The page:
It can be difficult for non-programmers to grasp the importance of writing good code. This story illustrates it:
I know of one company that, in the late 80s, wrote a killer app. It was very popular, and lots of professionals bought and used it. But then the release cycles began to stretch. Bugs were not repaired from one release to the next. Load times grew and crashes increased. I remember the day I shut the product down in frustration and never used it again. The company went out of business a short time after that.
Two decades later I met one of the early employees of that company and asked him what had happened. The answer confirmed my fears. They had rushed the product to market and had made a huge mess in the code. As they added more and more features, the code got worse and worse until they simply could not manage it any longer. It was the bad code that brought the company down.Robert C. Martin, “Clean Code: A Handbook of Agile Software Craftsmanship”, 2009, p. 3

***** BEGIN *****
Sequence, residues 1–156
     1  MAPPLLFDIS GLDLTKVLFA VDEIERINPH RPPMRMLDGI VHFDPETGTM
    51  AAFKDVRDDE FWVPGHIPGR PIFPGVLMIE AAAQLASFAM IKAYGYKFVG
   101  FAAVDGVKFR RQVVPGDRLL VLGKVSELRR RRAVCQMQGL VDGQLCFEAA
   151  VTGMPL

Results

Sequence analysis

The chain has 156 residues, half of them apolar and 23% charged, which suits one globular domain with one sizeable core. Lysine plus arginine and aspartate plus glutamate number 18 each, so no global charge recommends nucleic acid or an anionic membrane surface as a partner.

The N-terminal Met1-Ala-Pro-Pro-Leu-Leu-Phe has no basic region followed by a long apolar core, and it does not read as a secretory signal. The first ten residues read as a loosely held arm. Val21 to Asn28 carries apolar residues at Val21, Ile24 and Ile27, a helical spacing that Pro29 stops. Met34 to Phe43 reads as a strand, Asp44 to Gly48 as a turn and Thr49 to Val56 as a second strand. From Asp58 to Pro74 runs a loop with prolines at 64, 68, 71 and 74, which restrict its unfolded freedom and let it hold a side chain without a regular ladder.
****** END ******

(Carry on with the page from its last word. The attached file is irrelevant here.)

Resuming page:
How are you going to choose which IT consultant to trust? One might be fast, the other one may be slow. Is the fast one better? Or is he giving you messy code that will grind to a halt after two years? Is the slow one better? Or is he giving you even messier code and he’s incompetent even at that?
Many new businesses don’t pay much attention to this. They think “I need to get going fast, and I’ll worry about this later”. Somehow people think that “later” they will have more time available, when their experience should tell them the opposite. A successful business might have more money “later”, but if you’ve built a sucky software system bit by bit, the money and time and disruption and the total investment required to fix it “later” may be staggering. Companies have gone out of business because of this.